When she said this, she vanished as if the earth had swallowed her.
Betushka was very happy now and she thought to herself on her way home: "Since she is so good and kind, I'll dance with her again if she asks me. Oh, how I hope she does!"
She sang her merry little song as usual and the goats trotted cheerfully along.
She found her mother vexed with her, for she had wanted to reel yesterday's yarn and had discovered that the spindle was not full.
"What were you doing yesterday," she scolded, "that you didn't spin your stint?"
Betushka hung her head. "Forgive me, mother. I danced too long." Then she showed her mother today's spindle and said: "See, today I more than a made up for yesterday."
Her mother said no more but went to milk the goats and Betushka put away the spindle. She wanted to tell her mother her adventure, but she thought to herself: "No, I'll wait. If the beautiful lady comes again, I'll ask her who she is and then I'll tell mother." So she said nothing.
On the third morning she drove the goats as usual to the birch wood. The goats went to pasture and Betushka, sitting down under a tree, began to spin and sing. When the sun pointed to noon, she laid her spindle on the grass, gave the goats a mouthful of bread, gathered some strawberries, ate her luncheon, and then, giving the crumbs to the birds, she said cheerily:
"Today, my little goats, I will dance for you!"
She jumped up, folded her arms, and was about to see whether she could move as gracefully as the beautiful maiden, when the maiden herself stood before her.
"Let us dance together," she said. She smiled at Betushka, put her arm about her, and as the music above their heads began to play, they whirled round and round with flying feet. Again Betushka forgot the spindle and the goats. Again she saw nothing but the beautiful maiden whose body was lithe as a willow shoot. Again she heard nothing but the enchanting music to which her feet danced of themselves.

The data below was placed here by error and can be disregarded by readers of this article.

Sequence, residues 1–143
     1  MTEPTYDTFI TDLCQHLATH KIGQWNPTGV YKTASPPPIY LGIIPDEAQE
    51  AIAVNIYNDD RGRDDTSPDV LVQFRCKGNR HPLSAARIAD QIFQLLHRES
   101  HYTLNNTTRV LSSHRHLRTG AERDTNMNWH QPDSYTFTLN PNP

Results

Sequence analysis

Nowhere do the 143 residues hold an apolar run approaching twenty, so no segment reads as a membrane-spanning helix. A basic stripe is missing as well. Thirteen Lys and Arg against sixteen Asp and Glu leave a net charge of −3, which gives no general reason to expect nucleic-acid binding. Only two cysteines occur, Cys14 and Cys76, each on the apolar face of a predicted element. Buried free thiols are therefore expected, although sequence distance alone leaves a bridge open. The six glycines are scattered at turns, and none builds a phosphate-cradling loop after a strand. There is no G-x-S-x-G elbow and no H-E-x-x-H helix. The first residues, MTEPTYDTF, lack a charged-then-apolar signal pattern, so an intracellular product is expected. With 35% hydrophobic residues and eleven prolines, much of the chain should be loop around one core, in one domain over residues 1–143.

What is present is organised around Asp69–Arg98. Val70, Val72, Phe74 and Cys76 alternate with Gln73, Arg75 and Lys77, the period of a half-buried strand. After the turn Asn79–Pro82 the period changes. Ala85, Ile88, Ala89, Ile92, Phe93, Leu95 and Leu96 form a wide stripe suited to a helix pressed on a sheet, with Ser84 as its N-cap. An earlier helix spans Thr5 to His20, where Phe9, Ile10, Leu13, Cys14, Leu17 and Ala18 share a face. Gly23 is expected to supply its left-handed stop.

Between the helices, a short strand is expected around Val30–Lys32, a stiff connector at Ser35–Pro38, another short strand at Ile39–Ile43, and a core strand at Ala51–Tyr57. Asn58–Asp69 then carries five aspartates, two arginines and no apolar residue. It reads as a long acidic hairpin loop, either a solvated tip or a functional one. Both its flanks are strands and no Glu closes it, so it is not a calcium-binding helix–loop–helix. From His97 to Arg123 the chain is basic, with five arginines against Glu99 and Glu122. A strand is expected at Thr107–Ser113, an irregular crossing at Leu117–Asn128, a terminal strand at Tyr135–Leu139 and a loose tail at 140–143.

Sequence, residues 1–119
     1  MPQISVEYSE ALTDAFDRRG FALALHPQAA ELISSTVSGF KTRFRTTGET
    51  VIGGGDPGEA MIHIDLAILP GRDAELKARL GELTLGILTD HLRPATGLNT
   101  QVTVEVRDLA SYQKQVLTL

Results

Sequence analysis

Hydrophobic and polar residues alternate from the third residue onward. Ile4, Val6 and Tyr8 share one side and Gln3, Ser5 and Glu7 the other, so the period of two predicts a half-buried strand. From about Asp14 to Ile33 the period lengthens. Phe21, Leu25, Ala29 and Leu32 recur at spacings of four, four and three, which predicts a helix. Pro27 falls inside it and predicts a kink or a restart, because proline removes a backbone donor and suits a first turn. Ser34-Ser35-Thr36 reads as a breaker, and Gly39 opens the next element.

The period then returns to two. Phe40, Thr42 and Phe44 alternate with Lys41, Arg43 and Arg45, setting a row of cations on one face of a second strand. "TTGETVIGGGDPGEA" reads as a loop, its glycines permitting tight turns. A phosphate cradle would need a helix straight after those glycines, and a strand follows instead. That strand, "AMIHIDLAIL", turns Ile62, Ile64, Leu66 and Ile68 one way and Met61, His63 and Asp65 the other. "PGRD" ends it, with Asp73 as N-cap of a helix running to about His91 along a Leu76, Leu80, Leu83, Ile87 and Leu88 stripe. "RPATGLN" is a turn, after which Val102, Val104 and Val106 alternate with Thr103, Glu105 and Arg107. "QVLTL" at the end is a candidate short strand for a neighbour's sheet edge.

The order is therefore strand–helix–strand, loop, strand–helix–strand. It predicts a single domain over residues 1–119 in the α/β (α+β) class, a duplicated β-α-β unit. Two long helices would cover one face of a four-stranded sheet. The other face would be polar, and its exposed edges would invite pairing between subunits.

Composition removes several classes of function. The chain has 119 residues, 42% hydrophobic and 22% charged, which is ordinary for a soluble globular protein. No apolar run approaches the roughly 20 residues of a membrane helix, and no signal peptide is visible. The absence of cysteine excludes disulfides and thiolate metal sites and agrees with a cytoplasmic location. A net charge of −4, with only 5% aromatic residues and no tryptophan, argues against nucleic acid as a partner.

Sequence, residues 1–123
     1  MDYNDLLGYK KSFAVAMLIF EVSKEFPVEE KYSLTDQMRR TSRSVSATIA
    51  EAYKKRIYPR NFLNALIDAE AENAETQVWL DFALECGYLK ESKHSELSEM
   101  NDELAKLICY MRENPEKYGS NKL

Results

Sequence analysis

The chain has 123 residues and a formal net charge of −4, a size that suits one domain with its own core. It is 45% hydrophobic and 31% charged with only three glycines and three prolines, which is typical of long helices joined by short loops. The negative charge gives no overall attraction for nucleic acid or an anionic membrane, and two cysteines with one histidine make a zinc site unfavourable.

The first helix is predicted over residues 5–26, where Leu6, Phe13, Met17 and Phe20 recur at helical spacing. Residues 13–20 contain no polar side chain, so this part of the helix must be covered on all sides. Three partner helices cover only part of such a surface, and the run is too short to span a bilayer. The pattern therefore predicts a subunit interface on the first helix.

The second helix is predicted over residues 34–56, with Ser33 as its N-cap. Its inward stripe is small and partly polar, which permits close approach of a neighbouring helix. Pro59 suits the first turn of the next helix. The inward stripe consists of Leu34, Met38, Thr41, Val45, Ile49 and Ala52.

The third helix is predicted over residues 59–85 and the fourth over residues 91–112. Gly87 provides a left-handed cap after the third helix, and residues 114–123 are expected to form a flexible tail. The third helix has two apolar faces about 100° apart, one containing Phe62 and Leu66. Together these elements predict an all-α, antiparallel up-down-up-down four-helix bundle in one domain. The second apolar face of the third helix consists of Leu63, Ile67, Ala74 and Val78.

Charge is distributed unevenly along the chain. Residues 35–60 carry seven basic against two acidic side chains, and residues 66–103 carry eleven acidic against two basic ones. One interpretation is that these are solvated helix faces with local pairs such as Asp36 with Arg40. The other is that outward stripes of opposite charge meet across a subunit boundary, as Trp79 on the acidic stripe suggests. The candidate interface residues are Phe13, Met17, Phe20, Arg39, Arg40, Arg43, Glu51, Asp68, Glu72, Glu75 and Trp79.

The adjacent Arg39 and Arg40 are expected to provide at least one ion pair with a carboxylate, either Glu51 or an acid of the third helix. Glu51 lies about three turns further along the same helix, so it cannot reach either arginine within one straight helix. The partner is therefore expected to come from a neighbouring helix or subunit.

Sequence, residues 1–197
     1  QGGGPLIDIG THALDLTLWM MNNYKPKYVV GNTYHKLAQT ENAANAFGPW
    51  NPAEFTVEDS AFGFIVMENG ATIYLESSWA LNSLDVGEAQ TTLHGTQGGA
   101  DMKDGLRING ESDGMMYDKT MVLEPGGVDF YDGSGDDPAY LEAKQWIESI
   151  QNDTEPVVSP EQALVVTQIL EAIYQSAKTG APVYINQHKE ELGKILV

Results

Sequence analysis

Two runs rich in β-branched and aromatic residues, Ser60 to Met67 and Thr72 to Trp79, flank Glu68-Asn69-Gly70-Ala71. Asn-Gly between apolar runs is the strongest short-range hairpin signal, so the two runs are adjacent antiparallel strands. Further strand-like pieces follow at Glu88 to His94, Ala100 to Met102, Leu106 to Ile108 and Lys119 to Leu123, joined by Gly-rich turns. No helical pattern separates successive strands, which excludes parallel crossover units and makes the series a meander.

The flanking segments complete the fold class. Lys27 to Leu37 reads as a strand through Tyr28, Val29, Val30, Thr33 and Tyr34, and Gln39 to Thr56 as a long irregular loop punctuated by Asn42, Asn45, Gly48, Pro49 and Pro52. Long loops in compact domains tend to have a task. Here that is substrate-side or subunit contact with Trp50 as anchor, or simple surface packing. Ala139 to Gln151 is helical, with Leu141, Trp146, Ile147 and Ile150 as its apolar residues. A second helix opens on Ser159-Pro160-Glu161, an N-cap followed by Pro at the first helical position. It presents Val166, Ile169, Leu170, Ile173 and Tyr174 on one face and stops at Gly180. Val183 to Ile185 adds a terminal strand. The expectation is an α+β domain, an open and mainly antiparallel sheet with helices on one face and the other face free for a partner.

They danced from noon till sundown. Then the maiden paused and the music ceased. Betushka looked around. The sun was already set behind the woods. She clasped her hands to her head and looking down at the unfilled spindle she burst into tears.
"Oh, what will my mother say?" she cried.
"Give me your little basket," the maiden said, "and I will put something in it that will more than make up for today's stint."
Betushka handed her the basket and the maiden took it and vanished. In a moment she was back.
She returned the basket and said:
As she said these words she was gone as if a wind had blown her away.
Betushka wanted awfully to peep inside but she was afraid to. The basket was so light that she wondered whether there was anything at all in it. Was the lovely lady only fooling her? Halfway home she peeped in to see.